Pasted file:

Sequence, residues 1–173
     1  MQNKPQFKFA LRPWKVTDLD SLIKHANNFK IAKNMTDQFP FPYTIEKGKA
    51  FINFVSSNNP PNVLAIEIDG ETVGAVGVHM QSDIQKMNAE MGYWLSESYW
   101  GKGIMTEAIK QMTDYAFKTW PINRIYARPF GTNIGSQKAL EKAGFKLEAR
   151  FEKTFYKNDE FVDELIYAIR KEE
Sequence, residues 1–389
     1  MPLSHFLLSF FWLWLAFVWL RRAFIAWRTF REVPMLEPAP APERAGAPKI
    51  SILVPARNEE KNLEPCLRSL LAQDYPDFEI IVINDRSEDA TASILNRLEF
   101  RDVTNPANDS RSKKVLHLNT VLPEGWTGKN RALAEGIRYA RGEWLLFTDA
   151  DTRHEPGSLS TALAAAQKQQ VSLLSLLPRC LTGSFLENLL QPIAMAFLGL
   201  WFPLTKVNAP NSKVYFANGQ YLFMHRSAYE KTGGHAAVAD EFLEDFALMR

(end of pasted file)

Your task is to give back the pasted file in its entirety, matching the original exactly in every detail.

Sequence, residues 1–173
     1  MQNKPQFKFA LRPWKVTDLD SLIKHANNFK IAKNMTDQFP FPYTIEKGKA
    51  FINFVSSNNP PNVLAIEIDG ETVGAVGVHM QSDIQKMNAE MGYWLSESYW
   101  GKGIMTEAIK QMTDYAFKTW PINRIYARPF GTNIGSQKAL EKAGFKLEAR
   151  FEKTFYKNDE FVDELIYAIR KEE
Sequence, residues 1–389
     1  MPLSHFLLSF FWLWLAFVWL RRAFIAWRTF REVPMLEPAP APERAGAPKI
    51  SILVPARNEE KNLEPCLRSL LAQDYPDFEI IVINDRSEDA TASILNRLEF
   101  RDVTNPANDS RSKKVLHLNT VLPEGWTGKN RALAEGIRYA RGEWLLFTDA
   151  DTRHEPGSLS TALAAAQKQQ VSLLSLLPRC LTGSFLENLL QPIAMAFLGL
   201  WFPLTKVNAP NSKVYFANGQ YLFMHRSAYE KTGGHAAVAD EFLEDFALMR